FLORIDA — Why are Black infants dying at such a high rate in Florida and what’s being done about it?  We talked to parents and experts to find out more and we looked at a study that says the race of the doctor plays a role in the baby’s survival.

What You Need To Know

  • Study shows Black infants are dying at a higher rate than other races

  • Experts say the kind of care a mother receives plays a role

  • Study found that 11.26 Black infants died in 2018 for every 1,000 births

  • More Justice For All stories

First time mom Jadacy Shepherd and her husband Eddie Engram lost a child last year so they know the hurt that comes with the death of a child.

“April 2nd I gave birth to little Eddie at 3:29. And it was so hard. At first they asked me did I want to hold him. I said no at first just because I couldn’t take it. No one that close to me has ever passed away other than my grandmother. I never experienced death like that so it took a toll on me,” Shepherd said.

She gave birth to a stillborn baby 30 weeks into her pregnancy.

“When we did the ultrasound I just seen my baby there. I had absolutely no amniotic fluid at all. Mind you my water never broke. I never felt any fluids, we don’t know what happened,” she said. “When I held him I just remembered just staring off, just kind of in a daze, like I can’t believe this is happening to me and my baby is here but he’s not alive. It’s just a feeling you’ll never forget.”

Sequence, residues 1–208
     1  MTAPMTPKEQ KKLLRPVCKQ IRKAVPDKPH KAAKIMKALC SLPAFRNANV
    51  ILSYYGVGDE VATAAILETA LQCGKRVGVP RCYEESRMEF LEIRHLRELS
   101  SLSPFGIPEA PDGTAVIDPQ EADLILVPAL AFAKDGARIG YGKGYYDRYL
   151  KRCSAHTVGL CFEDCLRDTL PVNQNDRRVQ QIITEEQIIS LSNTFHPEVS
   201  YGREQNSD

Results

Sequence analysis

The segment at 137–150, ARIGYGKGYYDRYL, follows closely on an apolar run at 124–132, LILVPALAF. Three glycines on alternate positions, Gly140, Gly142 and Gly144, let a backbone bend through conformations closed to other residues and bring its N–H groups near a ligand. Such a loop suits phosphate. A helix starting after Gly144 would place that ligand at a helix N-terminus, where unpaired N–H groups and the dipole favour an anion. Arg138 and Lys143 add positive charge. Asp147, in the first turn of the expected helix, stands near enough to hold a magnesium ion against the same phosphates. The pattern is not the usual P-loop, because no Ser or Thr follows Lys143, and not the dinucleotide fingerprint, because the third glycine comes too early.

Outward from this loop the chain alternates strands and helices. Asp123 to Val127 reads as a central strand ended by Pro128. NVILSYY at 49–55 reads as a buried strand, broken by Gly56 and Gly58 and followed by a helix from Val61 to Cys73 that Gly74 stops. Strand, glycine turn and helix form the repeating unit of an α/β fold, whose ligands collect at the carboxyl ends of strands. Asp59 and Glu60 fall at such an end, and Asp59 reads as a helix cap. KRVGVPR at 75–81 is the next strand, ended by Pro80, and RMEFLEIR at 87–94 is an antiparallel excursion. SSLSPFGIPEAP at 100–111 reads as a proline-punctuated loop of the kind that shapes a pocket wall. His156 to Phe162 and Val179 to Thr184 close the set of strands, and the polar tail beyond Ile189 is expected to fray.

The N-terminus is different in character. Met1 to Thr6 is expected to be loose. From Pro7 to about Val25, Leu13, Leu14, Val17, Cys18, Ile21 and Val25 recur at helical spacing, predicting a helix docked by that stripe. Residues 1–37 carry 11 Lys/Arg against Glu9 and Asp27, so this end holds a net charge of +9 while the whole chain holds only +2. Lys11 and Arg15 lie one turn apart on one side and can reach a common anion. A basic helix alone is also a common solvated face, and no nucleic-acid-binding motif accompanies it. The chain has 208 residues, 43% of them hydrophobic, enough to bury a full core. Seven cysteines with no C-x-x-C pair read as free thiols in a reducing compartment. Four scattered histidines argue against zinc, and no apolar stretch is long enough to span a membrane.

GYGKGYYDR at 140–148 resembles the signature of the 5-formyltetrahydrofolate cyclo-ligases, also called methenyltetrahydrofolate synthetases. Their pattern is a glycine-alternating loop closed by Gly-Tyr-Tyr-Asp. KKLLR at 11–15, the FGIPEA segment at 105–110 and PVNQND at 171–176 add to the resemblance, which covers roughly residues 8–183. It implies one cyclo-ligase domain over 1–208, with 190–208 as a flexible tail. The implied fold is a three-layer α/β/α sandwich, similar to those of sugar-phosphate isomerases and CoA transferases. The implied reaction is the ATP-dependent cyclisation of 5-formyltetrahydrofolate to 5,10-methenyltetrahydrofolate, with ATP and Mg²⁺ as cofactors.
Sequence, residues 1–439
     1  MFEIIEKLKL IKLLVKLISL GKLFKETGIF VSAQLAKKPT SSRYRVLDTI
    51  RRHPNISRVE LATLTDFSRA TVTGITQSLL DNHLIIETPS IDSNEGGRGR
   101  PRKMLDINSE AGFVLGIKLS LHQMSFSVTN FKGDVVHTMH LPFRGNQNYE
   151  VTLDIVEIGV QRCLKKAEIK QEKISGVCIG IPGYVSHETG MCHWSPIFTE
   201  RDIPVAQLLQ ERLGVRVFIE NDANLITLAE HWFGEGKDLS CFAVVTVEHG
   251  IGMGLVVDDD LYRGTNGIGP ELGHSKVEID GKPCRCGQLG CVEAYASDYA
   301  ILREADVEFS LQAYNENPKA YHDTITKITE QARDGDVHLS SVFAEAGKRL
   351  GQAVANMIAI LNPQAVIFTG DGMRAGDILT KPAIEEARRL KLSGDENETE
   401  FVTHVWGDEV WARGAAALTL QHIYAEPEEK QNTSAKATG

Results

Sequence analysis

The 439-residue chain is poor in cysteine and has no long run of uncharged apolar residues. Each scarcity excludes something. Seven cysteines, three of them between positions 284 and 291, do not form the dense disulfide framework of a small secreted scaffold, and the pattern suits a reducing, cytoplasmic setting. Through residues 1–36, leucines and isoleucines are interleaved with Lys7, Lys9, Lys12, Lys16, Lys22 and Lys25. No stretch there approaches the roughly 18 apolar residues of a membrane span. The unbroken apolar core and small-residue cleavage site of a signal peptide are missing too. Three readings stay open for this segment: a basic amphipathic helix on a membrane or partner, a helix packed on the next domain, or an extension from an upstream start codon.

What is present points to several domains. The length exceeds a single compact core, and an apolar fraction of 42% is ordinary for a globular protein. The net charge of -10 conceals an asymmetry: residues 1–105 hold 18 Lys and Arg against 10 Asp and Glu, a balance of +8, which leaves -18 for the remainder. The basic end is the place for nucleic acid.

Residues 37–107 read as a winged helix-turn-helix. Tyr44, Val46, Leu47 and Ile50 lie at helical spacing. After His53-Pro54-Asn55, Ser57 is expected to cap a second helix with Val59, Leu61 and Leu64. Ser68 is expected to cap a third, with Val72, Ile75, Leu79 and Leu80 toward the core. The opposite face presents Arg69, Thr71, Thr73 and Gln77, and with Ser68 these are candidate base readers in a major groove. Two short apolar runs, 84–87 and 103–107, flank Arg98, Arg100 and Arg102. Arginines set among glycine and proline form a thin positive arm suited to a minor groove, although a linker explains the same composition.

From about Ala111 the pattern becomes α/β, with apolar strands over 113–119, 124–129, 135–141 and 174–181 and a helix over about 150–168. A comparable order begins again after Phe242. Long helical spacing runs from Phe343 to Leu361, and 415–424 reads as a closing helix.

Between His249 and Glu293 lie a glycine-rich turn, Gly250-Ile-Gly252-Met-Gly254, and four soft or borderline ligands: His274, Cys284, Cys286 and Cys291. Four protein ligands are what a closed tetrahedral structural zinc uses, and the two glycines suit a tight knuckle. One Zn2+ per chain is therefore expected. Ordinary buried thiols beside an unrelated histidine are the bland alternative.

Dealing with the pain of losing a child made Shepherd and her husband look a little deeper, and they were surprised by what they found. 

“I had no idea this was going on with our black babies at all. And then when I went to seek help and to see the concern with women of color just having these dead children, it literally broke my heart,” Shepherd said.

Shepherd researched the mortality rates for black infants. The Florida Health Department numbers show a slight decrease of black babies dying over an 11 year period. But those numbers are still significantly high. According to the study, for every 1,000 births, 11.26 black babies died in 2018. That same year, for every 1,000 births, 4.29 white infants died.

It’s a deeply troubling statistic that organizations like the Healthy Start Coalition are working to eliminate. 

“Our goal is to help infants reach their first birthday. That’s a milestone for a lot of black people. And so we have to continue on that path,” Johns Hopkins All Children’s Hospital, Healthy Start Coalition Project Manager, Kimberly Brown Williams said. 

So what’s the cause? Why are more black babies dying than any other race?

This health department study lists five of the leading causes of death for newborns. Florida’s Black infants were more likely to die due to gestation and low birth weight while White infants were more likely to die due to congenital malformations, deformations and chromosomal abnormalities.

But Neonatologist Dr. Terri Ashmeade said there’s more to it than that.

“I think infant mortality is really just the tip of the iceberg. I like to think about it and talk about it as adverse pregnancy outcomes,” she said.